vendor/lge/g4-common/proprietary/priv-app/qcrilmsgtunnel/qcrilmsgtunnel.apk:system/priv-app/qcrilmsgtunnel/qcrilmsgtunnel.apk \
vendor/lge/g4-common/proprietary/vendor/firmware/libpn547_fw_C9.so:system/vendor/firmware/libpn547_fw_C9.so \
vendor/lge/g4-common/proprietary/vendor/firmware/BCM4335_003.001.009.0117.0620_LGE_P1_EU.hcd:system/vendor/firmware/BCM43…..
[/CODE]

Here we can see that the file in question “qcrilmsgtunnel.apk” is being copied over with the vendor blobs. The error is telling us that we need to install it as a prebuilt app, instead of copying the app over as a normal file. So, I edited out that line in the g4-common-vendor-blobs.mk file, and edited g4-common-vendor.mk by adding it like so:

[CODE]
PRODUCT_PACKAGES += \
qcrilmsgtunnel \
qcnvitems \
qcrilhook
[/CODE]

Notice that I did not move the apk file around, just redefined how to get it moved into the rom. Well, that took care of that error! 1 down, untold dozens to go!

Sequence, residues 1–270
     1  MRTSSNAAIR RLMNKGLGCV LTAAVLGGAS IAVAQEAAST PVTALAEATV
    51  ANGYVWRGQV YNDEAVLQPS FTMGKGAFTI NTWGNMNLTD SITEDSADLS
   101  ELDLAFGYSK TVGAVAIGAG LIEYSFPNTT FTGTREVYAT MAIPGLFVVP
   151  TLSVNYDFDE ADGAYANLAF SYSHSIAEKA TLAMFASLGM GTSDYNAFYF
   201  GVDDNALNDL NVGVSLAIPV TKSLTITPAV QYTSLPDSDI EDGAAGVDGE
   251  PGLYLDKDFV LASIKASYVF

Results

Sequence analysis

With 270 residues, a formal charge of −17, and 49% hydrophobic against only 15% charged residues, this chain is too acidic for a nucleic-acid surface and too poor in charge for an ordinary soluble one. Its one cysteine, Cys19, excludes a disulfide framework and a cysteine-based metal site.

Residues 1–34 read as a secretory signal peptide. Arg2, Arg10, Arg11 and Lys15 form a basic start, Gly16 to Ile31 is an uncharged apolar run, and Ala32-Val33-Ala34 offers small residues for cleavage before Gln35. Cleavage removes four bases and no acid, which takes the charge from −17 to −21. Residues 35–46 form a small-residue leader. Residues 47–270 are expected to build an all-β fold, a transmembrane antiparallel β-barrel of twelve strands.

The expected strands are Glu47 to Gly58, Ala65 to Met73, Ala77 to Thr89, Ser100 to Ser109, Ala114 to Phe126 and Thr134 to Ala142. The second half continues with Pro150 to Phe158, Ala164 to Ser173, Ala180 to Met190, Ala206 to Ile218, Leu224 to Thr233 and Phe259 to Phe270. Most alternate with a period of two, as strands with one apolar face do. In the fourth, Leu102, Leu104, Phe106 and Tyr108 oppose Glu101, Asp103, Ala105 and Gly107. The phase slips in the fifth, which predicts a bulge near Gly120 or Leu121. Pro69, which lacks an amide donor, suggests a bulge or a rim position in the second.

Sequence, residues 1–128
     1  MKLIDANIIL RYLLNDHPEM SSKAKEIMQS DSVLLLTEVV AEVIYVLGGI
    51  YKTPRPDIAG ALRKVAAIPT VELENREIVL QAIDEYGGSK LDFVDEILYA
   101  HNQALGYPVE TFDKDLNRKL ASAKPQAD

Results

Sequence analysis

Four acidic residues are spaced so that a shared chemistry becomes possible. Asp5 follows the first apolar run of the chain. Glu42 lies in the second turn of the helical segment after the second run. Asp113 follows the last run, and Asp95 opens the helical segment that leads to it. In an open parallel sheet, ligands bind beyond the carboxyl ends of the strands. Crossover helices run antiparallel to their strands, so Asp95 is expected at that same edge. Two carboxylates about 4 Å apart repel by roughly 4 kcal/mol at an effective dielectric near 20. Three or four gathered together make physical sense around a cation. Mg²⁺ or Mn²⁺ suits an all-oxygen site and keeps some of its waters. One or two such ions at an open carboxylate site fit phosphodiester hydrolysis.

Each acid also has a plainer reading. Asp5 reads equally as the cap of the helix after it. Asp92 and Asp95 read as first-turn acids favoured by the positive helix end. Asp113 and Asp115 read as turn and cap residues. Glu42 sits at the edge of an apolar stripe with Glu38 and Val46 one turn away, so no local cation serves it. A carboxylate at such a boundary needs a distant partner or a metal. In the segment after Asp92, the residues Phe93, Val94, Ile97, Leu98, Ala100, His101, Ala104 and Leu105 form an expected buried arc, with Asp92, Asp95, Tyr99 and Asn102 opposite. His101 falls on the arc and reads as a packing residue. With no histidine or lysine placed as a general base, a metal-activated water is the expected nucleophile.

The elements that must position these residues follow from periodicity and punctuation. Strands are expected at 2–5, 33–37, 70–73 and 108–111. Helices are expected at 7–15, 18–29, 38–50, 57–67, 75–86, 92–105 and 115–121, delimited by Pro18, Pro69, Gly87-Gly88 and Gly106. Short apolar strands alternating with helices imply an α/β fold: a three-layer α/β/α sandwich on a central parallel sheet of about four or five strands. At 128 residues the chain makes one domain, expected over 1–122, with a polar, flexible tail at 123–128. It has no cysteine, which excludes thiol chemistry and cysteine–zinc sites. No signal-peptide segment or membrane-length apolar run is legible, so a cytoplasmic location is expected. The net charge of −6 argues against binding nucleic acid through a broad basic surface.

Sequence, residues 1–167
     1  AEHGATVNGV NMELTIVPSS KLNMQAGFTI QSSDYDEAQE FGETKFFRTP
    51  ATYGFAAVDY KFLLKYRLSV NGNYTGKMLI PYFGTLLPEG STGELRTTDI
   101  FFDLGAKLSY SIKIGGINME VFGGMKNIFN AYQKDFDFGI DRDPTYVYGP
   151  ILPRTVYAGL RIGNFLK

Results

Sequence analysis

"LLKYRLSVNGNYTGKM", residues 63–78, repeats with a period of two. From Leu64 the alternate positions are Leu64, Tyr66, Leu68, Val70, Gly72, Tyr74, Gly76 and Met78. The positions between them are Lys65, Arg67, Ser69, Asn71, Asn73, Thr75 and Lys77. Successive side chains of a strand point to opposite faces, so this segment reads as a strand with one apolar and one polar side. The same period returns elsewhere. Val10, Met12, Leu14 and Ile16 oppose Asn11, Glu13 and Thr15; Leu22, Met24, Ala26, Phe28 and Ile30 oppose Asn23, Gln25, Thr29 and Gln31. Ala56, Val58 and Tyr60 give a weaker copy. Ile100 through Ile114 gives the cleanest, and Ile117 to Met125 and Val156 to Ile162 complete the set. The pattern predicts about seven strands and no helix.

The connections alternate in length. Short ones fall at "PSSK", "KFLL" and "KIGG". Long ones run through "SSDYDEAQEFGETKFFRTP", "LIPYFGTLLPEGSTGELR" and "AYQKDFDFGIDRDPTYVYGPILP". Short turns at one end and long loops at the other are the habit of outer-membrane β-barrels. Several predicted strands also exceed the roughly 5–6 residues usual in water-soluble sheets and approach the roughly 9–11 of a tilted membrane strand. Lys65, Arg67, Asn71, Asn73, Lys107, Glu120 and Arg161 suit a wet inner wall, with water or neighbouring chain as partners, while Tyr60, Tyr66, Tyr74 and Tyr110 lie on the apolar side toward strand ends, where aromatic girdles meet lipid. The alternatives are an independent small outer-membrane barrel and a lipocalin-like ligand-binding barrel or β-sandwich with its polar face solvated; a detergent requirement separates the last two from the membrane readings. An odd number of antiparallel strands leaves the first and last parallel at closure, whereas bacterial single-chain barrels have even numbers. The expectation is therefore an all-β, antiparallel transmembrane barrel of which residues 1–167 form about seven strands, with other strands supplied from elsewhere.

Linux – keep it simple.

 

Critical Velocity – an open source libGDX game that was crashing on small screens is now fixed!

Critical Velocity is a fun little open source arcade style scrolling game that I made after finishing my Android developer class. It was my first released game using the libGDX engine, an open source graphics engine that is great for making games. Due to my inexperience, however, I didn’t take into account that all screens are not created equal. Some screens are bigger than others, and some have lower resolution than the phone I built the game on.

This caused a problem. After releasing the game, I quickly was alerted to the issue through the GitHub issue tracker, where several players let me know that it was crashing on startup with their phones. It took a little bit of time to figure out, but I came to realize that the app was crashing on phones that were smaller than 800×480 screen resolution.

At first I thought there were all sorts of problems with graphic asset sizes, and memory issues. I tried numerous things to fix it, but nothing worked. Finally, I gave up. But, a few days ago, I decided to take another look. By God’s grace, this time I got it figured out! Before, I was working off of the information provided by people with smaller resolution screens, but I decided that I should load up the game in an emulator with a 320×240 resolution screen, and watch the logs. That’s when I found the problem.